x Abu Dhabi, UAETuesday 23 January 2018

Progress of Dubai private schools at a standstill, say inspectors

Only 10 of the 143 schools have managed to improve their rankings this year, according to the Dubai Schools Inspection Bureau.

Jameela Al Muhairi , chief of Dubai Schools Inspection Bureau and Fatma Belrahif , acting director of the bureau, said inspections had found some nursery teachers were ‘not experienced enough’. Pawan Singh / The National
Jameela Al Muhairi , chief of Dubai Schools Inspection Bureau and Fatma Belrahif , acting director of the bureau, said inspections had found some nursery teachers were ‘not experienced enough’. Pawan Singh / The National

DUBAI // Progress in the quality of education at private schools in Dubai has come to a standstill.

Only 10 of 143 schools managed to improve their ranking in inspections this year, and about 113,000 pupils are in under-performing schools.

“It looks like progress has stunted because our standards go up every year,” said Jameela Al Muhairi, head of the Dubai Schools Inspection Bureau. “Because we do this annually, schools need to constantly have plans in place to better the system.”

Eighty private schools continue to provide a poor education that does not match the standards laid down by the private schools regulator, the Knowledge and Human Development Authority.

In the recently concluded round of annual inspections, 12 schools were rated outstanding, 51 were found to be good, 67 acceptable and 13 unsatisfactory.

Three schools with high pupil numbers dropped to unsatisfactory, which seriously affected the progress report.

The overall score card is the same as last year. The number of children attending unsatisfactory schools has risen from 10,988 last year to 14,049, an increase to the level in 2008-2009, when inspections began. In the core subjects of English, Arabic, mathematics and science, inspectors found slow to no progress.

“The rate of improvement in students’ attainment and progress in mathematics has slowed this year despite a previous upward trend,” they reported.

“Inspection findings continue to indicate a lack of opportunities in many schools for students to perform investigative science.”

There was a slight improvement in English language performance, but progress in Arabic faltered, with the courses being taught to non-Arab pupils deemed weak in a significant number of schools.

On the other hand, inspectors found better teaching practices and understanding of Islamic education lessons.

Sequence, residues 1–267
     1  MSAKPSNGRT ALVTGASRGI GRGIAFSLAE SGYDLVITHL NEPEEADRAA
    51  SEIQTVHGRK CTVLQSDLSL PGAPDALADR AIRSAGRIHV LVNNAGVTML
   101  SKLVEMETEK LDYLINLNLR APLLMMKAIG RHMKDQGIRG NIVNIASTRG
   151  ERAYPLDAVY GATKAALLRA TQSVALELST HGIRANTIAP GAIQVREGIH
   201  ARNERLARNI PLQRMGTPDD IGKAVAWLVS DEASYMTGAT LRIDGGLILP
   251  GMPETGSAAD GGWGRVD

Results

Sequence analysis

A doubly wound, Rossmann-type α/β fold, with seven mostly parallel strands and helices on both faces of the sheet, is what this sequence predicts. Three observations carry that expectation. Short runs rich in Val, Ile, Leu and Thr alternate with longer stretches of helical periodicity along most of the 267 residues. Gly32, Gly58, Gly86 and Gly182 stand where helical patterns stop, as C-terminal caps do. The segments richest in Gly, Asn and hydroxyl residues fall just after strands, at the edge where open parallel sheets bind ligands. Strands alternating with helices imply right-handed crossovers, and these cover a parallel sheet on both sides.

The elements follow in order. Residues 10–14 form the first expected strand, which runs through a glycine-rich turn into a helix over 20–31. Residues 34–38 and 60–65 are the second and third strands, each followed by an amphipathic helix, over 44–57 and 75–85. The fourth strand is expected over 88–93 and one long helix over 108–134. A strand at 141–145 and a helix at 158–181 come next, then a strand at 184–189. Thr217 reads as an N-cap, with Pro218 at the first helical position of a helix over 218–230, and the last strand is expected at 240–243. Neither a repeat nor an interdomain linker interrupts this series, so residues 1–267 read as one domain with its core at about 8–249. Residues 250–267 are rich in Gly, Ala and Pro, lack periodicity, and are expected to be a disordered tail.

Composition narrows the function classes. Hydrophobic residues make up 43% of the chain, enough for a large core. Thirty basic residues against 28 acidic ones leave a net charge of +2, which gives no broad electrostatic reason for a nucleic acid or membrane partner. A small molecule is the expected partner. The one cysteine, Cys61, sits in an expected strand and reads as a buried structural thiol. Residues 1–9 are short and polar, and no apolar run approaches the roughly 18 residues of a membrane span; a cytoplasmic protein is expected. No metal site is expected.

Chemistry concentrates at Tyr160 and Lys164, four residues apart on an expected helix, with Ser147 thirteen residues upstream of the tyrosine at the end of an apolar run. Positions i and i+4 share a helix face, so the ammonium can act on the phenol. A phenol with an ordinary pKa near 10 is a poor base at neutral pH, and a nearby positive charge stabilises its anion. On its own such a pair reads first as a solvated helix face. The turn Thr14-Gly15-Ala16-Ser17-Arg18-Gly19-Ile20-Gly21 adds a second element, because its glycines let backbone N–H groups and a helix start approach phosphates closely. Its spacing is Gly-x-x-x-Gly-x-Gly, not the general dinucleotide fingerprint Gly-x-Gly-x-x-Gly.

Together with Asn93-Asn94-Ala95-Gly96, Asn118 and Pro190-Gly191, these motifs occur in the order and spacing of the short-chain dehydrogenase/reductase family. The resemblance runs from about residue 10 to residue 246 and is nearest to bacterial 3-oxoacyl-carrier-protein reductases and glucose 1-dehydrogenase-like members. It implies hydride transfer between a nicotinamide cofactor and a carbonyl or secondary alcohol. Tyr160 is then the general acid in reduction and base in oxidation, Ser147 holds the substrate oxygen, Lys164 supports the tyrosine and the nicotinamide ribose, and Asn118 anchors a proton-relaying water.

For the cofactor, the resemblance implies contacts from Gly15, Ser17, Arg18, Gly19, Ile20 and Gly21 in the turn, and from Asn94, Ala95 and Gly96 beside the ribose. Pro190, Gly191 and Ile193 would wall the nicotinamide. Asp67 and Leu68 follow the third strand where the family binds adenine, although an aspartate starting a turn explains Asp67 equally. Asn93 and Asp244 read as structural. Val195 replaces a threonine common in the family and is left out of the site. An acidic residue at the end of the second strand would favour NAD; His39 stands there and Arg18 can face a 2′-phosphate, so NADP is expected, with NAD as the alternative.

Schools following the UK curriculum took top honours in terms of quality of teaching, learning and assessment methods, followed by those offering the International Baccalaureate.

Inspectors highlighted issues in those areas in the kindergarten sections of the Indian system, state curriculum and US schools.

Fatma Belrahif, acting director of the inspection bureau, said teachers were not inclined to modify lessons to fit the appropriate age group.

“They are not experienced enough to make classes interactive and apply play-based learning,” she said.

Most schools were pulled up for poor special education needs programmes this year. Twenty-seven schools were not following guidelines for support prescribed by the regulator.

Ms Al Muhairi said schools’ lack of emphasis on special needs education did not affect their rank, but will be considered in the next inspection cycle.

“Although many schools have worked harder this year to recognise and identify their students who may have barriers to learning, still only a minority of schools have identification processes rated good or better,” inspectors reported.

A large number of schools, about 62 per cent, have managed to strengthen their leadership positions.

The report found that “self-evaluation remains a key area for further improvement among a large number of schools”.

Ms Al Muhairi said poor leadership in a third of the schools was a cause for concern.

“How well they distribute authority and responsibility, enrich the curriculum and promote staff training all contribute to how well their school is doing,” she said.

Kings Dubai, which was commended for such qualities, is the only school that has maintained an Outstanding status for the five years of inspections. The school now plans to expand and open two more schools in the next two years.

“The report refers to continued improvement across the board,” said a spokesman for the school, “with new outstanding judgments in learning support and governance as well as maintaining the outstanding rating of previous years.”

Kings recently enrolled 350 new pupils and added 34 teachers. Inspectors also praised its secondary curriculum, which is only five months old.

“The continued outstanding judgments for leadership give us confidence in our capacity to develop the vision of British schools with an international perspective,” the school spokesman said.